"What would be appropriate deaths for other Hollywood figures?"

Christian Bale starves to death.

Robert De Niro gets shot by a deer hunter.

Jane Fonda gets shot by anti-aircraft fire.

Jeff Bezos gets killed by an aerial drone attack.

Harry Baldwin said...

I don't know if Sam Kinison died in character, exactly, but it was weird that he was killed by a guy who was driving drunk when Kinison had a whole routine asking why people make such a big deal about drunk driving. Sample: "We don't WANT to drink and drive ... But there's no other way to get the f---ing CAR back to the HOUSE!! How are we supposed to get f---ing home?!"

How about Jimi Heselden, the owner of Segway Inc, who was killed when he rode a Segway off a cliff?

How about Steve Irwin, who was killed by a stingray spine while filming a documentary titled "Ocean's Deadliest"?

James Dean's death was ironic because he had only recently made a PSA urging teenagers to drive safely.

slumber_j said...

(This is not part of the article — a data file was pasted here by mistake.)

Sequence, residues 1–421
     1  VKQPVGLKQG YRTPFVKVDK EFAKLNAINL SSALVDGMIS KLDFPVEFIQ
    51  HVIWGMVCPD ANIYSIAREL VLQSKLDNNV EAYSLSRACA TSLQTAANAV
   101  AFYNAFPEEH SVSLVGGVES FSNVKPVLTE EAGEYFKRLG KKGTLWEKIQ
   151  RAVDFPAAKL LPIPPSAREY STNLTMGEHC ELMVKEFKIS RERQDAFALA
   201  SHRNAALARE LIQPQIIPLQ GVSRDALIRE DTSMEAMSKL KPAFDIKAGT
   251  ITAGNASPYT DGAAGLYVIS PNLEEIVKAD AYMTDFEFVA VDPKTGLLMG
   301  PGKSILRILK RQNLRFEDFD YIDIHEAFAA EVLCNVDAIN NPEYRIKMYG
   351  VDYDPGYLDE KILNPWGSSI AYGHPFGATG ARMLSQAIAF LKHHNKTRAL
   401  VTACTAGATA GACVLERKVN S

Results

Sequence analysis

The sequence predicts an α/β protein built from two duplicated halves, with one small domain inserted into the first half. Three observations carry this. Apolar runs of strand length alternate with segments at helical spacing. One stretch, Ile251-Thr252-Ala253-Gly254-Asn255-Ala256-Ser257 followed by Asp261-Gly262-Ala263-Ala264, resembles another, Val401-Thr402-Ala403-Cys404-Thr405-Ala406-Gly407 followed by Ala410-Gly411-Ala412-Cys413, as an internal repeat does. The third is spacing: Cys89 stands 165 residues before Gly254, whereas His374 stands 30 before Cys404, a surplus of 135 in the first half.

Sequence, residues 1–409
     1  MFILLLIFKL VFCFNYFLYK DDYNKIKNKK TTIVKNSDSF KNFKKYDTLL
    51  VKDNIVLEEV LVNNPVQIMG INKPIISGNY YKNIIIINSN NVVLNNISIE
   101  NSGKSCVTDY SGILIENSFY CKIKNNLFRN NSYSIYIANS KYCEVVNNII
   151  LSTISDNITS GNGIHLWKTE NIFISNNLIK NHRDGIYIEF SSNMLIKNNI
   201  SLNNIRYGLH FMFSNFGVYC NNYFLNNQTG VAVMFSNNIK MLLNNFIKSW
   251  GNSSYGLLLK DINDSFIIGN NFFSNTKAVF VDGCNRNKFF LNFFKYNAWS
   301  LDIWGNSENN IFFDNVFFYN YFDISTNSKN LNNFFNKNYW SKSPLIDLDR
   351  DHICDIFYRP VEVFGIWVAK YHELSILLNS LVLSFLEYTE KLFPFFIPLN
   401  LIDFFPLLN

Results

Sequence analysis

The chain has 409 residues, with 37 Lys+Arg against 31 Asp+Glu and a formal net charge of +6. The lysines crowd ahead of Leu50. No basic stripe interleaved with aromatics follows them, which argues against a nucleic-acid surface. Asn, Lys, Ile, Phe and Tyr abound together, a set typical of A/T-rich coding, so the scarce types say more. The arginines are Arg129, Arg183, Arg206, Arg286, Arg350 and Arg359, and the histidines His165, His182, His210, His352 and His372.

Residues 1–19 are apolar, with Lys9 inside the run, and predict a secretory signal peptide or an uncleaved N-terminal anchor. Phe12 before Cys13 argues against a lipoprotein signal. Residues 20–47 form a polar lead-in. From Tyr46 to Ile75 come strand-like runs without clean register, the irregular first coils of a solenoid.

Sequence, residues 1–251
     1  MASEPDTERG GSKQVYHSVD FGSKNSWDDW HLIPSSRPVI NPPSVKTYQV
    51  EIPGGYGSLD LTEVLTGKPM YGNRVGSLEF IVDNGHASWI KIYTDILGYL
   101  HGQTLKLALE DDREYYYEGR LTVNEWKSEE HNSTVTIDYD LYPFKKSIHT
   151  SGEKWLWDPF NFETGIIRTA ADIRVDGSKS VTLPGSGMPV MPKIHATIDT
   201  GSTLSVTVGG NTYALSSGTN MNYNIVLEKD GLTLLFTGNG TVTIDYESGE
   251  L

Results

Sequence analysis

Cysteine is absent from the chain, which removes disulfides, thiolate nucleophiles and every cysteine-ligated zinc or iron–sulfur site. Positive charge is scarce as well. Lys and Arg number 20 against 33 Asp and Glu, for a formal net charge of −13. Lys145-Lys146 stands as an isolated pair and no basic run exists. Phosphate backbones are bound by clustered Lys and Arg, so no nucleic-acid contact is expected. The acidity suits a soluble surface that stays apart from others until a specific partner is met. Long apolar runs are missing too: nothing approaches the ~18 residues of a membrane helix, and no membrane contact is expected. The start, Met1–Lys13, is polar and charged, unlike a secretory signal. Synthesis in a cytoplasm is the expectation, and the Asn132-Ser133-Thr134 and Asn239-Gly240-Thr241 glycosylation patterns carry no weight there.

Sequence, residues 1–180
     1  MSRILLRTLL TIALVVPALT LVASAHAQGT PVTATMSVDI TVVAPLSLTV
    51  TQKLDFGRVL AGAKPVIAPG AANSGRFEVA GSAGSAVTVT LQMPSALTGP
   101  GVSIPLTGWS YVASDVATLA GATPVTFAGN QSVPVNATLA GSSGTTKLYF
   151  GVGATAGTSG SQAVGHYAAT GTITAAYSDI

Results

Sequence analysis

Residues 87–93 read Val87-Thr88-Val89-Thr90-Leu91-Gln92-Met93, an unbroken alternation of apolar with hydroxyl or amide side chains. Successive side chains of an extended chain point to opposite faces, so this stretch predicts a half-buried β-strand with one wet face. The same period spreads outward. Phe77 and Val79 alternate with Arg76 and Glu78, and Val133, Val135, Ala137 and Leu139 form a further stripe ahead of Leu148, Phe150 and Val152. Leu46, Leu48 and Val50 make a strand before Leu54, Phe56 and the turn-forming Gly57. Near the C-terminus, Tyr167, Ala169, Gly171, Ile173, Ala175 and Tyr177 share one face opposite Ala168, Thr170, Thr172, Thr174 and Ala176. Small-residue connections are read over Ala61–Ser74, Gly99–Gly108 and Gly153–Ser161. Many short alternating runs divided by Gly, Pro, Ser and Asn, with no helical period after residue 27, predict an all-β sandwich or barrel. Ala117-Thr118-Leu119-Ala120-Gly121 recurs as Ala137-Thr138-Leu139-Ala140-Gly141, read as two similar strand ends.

Until just now, I hadn't known about Neil Gaiman, who has a very funny name.

I once knew a non-Gaiman who before changing his surname had been Richard Hardener. True story.

Anonymous said...

Steve,

Completely unrelated, but I wanted to tip you off on what might be fertile ground for your next article/post: Cile Precetaj. She is an Albanian woman in metro Detroit who appears to have been selected, not unreasonably, as the new face of immigration reform.

Steve from Detroit

DYork said...

Mama Cass and that ham sandwich?

Reg Cæsar said...

Sonny Bono co-wrote "Needled and Pins", a big hit for the Searchers. And he was killed by a (presumably coniferous) tree. That should count for something. Though I don't think they had to do much Searchin'…